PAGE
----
HomeNewsBriefDid Ecuador Cocaine Seizure Belong to Mexico's Familia Michoacana?
BRIEF

Did Ecuador Cocaine Seizure Belong to Mexico's Familia Michoacana?

ECUADOR / 20 FEB 2014 BY MICHAEL LOHMULLER EN

Authorities in Ecuador say two large cocaine seizures off the country's coast belonged to Mexico's Familia Michoacana. However, the fact they are basing this assertion on generic packaging logos, coupled with the fact that little remains of the Familia but its offshoots, raises questions about the veracity of the claims.

The 949 kilos haul of cocaine was seized from a fishing boat off the coast of Guayaquil during operation "Daybreak," reported El Comercio.

Police Commander Marcelo Suarez said the logos found on the cocaine packets suggest the load belonged to the Familia Michoacana, as they were similar to those found during a May operation that resulted in the seizure of 470 kilos of cocaine, also supposedly belonging to the Familia. The cocaine in both shipments had the logos of Volvo, BMW, and Toyota as seals of identification, reported Hoy.

SEE ALSO: Familia Michoacana News and Profiles

Authorities believe the fishing boat was en route to transfer the cocaine to a larger vessel destined for Mexico, reported El Comercio.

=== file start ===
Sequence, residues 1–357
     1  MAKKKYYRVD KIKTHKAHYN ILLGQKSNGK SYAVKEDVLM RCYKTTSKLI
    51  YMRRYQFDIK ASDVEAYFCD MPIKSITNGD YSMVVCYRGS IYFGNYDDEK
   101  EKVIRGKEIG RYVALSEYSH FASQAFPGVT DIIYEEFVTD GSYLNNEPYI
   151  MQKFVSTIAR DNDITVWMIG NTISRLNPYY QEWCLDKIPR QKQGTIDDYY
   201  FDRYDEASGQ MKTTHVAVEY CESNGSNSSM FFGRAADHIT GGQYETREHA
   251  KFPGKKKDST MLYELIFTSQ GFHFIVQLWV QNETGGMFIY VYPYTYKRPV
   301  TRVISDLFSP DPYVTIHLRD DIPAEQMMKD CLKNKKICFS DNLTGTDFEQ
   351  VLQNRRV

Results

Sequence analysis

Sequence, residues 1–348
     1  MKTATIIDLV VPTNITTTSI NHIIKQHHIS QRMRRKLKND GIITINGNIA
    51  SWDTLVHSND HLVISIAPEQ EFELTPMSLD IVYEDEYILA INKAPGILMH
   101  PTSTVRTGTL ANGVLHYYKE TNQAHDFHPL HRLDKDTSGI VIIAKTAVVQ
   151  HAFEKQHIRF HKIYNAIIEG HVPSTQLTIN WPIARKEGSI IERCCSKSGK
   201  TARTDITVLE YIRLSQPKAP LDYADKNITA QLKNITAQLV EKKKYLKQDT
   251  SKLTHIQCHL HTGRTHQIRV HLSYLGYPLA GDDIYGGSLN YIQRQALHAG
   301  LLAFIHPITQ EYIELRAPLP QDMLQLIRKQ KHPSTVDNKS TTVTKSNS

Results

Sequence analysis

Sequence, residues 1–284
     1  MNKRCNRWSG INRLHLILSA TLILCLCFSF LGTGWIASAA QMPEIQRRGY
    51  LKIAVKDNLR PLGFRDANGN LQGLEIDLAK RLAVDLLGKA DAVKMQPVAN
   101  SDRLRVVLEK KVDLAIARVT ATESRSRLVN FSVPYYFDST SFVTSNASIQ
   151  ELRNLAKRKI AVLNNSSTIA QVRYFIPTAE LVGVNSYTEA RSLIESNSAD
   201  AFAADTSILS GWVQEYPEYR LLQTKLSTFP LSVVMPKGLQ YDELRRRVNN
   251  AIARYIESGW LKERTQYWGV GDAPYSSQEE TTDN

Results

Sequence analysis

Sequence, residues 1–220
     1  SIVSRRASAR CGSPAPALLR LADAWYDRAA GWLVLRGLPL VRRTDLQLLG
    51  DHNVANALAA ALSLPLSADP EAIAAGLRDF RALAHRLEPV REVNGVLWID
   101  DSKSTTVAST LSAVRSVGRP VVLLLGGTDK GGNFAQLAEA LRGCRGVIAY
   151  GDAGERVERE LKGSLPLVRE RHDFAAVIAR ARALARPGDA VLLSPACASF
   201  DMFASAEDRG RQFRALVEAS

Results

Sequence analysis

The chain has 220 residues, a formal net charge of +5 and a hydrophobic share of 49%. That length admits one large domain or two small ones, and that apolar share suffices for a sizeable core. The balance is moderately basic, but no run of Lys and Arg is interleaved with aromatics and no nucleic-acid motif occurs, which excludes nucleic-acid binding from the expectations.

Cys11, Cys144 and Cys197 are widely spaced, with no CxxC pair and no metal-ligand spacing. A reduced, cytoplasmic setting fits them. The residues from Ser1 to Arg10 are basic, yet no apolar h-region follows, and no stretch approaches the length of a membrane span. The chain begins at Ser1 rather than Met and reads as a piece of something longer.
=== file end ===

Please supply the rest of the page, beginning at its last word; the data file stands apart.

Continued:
InSight Crime Analysis

Criminal groups in the region use a wide variety of brand names to mark cocaine, commonly including car company logos, raising questions as to how Ecuadorean authorities are able to use these marks to link the seizures with one specific cartel.

Packets of cocaine usually have two identification symbols. The first is placed directly on the cocaine by the producer before it is packaged. This seal serves as a guarantee of purity and as such, is important for demonstrating the credibility of the producers' merchandise. The second logo is added to the packaging by the supplier as a mark of identification. Large shipments usually come from various suppliers, meaning the logos are important for demonstrating who supplied what.

The statements of the Ecuadorean officials are also surprising given that the Familia is believed to be a largely defunct organization at this point, with many of its senior figures and criminal networks now part of the Knights Templar criminal organization. It is possible the authorities are merely using the old name to refer to the new group. However, it is Mexico's Sinaloa Cartel that is most commonly associated with operations in Ecuador.

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